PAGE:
Mangrove dieback during fluctuating sea levels

Catherine E. Lovelock, Ilka C. Feller, Ruth Reef, Sharyn Hickey, Marilyn C Ball

Research output: Contribution to journalArticleResearchpeer-review

Abstract

Recent evidence indicates that climate change and intensification of the El Niño Southern Oscillation (ENSO) has increased variation in sea level. Although widespread impacts on intertidal ecosystems are anticipated to arise from the sea level seesaw associated with climate change, none have yet been demonstrated. Intertidal ecosystems, including mangrove forests are among those ecosystems that are highly vulnerable to sea level rise, but they may also be vulnerable to sea level variability and extreme low sea level events. During 16 years of monitoring of a mangrove forest in Mangrove Bay in north Western Australia, we documented two forest dieback events, the most recent one being coincident with the large-scale dieback of mangroves in the Gulf of Carpentaria in northern Australia. Diebacks in Mangrove Bay were coincident with periods of very low sea level, which were associated with increased soil salinization of 20-30% above pre-event levels, leading to canopy loss, reduced Normalized Difference Vegetation Index (NDVI) and reduced recruitment. Our study indicates that an intensification of ENSO will have negative effects on some mangrove forests in parts of the Indo-Pacific that will exacerbate other pressures.

Original languageEnglish
Article number1680
Number of pages8
JournalScientific Reports
Volume7
Issue number1
DOIs
Publication statusPublished - 1 Dec 2017

Cite this

Lovelock, C. E., Feller, I. C., Reef, R., Hickey, S., & Ball, M. C. (2017). Mangrove dieback during fluctuating sea levels. Scientific Reports, 7(1), [1680]. https://doi.org/10.1038/s41598-017-01927-6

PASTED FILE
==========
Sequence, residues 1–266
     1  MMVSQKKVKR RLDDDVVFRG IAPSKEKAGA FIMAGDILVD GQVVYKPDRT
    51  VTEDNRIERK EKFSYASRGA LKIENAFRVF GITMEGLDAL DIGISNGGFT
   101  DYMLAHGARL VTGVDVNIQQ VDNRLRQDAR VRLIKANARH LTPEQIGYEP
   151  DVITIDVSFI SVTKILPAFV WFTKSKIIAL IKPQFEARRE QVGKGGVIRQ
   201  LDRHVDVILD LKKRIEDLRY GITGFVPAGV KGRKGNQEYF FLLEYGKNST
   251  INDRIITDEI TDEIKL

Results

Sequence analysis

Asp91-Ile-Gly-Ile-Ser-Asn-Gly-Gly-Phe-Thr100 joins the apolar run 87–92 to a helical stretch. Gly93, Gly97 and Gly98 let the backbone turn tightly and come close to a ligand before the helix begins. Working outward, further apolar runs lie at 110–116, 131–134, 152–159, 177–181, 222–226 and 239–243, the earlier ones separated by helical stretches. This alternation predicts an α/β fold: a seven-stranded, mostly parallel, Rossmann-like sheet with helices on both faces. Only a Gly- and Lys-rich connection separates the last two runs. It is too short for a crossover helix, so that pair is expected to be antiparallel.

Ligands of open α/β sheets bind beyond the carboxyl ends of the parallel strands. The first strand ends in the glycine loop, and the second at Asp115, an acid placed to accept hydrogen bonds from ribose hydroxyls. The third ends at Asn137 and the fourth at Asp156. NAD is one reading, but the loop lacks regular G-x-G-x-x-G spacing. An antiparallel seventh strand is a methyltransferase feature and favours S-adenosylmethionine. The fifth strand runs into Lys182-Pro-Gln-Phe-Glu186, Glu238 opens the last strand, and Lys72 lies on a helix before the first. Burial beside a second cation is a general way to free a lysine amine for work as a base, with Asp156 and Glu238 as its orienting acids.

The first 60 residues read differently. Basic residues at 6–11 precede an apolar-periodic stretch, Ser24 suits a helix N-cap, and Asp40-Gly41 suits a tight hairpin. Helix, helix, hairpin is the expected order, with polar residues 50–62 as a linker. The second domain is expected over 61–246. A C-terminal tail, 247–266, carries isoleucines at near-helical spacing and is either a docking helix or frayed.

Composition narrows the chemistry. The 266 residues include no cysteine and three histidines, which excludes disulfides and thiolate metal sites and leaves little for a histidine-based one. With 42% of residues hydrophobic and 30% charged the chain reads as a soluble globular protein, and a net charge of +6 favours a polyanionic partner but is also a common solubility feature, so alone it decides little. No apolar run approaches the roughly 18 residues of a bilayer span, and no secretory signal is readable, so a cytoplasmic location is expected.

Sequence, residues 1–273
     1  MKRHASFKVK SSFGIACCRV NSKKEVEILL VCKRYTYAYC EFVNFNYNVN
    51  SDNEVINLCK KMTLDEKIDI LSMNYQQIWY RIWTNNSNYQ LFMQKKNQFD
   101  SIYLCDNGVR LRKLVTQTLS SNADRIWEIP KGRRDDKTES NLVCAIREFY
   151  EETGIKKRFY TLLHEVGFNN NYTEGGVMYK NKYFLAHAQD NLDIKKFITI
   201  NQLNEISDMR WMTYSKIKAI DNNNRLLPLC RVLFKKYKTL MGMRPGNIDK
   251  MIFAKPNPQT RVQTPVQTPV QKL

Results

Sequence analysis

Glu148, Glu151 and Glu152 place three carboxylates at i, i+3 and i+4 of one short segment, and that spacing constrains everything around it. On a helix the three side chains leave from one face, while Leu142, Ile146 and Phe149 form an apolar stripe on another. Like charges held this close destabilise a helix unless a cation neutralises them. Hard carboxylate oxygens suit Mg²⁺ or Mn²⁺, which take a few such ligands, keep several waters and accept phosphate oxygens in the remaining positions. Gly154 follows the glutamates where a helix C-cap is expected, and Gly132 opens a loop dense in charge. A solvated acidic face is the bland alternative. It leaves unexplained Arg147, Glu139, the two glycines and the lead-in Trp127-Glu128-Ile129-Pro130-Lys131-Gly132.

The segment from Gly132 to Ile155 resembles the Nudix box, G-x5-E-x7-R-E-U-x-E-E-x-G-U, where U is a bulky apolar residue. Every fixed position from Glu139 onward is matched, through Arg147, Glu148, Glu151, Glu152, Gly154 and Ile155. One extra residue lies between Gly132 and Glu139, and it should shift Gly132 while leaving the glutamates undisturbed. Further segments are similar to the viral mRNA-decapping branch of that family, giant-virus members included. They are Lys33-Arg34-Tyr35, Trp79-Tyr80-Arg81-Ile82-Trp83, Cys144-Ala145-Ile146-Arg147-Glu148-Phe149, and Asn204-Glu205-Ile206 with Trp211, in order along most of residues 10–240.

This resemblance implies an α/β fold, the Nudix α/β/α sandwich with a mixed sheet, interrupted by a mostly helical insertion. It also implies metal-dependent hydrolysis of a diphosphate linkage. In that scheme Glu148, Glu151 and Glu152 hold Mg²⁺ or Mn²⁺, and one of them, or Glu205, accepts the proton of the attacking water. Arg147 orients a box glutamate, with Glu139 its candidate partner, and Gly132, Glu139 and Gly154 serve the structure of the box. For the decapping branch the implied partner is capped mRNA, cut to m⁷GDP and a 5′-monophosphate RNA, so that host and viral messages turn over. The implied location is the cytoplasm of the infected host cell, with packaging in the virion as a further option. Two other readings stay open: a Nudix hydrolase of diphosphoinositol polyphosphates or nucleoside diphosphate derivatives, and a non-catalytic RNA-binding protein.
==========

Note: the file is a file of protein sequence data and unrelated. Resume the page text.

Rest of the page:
Lovelock, Catherine E. ; Feller, Ilka C. ; Reef, Ruth ; Hickey, Sharyn ; Ball, Marilyn C. / Mangrove dieback during fluctuating sea levels. In: Scientific Reports. 2017 ; Vol. 7, No. 1.
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abstract = "Recent evidence indicates that climate change and intensification of the El Ni{\~n}o Southern Oscillation (ENSO) has increased variation in sea level. Although widespread impacts on intertidal ecosystems are anticipated to arise from the sea level seesaw associated with climate change, none have yet been demonstrated. Intertidal ecosystems, including mangrove forests are among those ecosystems that are highly vulnerable to sea level rise, but they may also be vulnerable to sea level variability and extreme low sea level events. During 16 years of monitoring of a mangrove forest in Mangrove Bay in north Western Australia, we documented two forest dieback events, the most recent one being coincident with the large-scale dieback of mangroves in the Gulf of Carpentaria in northern Australia. Diebacks in Mangrove Bay were coincident with periods of very low sea level, which were associated with increased soil salinization of 20-30{\%} above pre-event levels, leading to canopy loss, reduced Normalized Difference Vegetation Index (NDVI) and reduced recruitment. Our study indicates that an intensification of ENSO will have negative effects on some mangrove forests in parts of the Indo-Pacific that will exacerbate other pressures.",
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Lovelock, CE, Feller, IC, Reef, R, Hickey, S & Ball, MC 2017, 'Mangrove dieback during fluctuating sea levels' Scientific Reports, vol. 7, no. 1, 1680. https://doi.org/10.1038/s41598-017-01927-6

Mangrove dieback during fluctuating sea levels. / Lovelock, Catherine E.; Feller, Ilka C.; Reef, Ruth; Hickey, Sharyn; Ball, Marilyn C.

In: Scientific Reports, Vol. 7, No. 1, 1680, 01.12.2017.

Research output: Contribution to journalArticleResearchpeer-review

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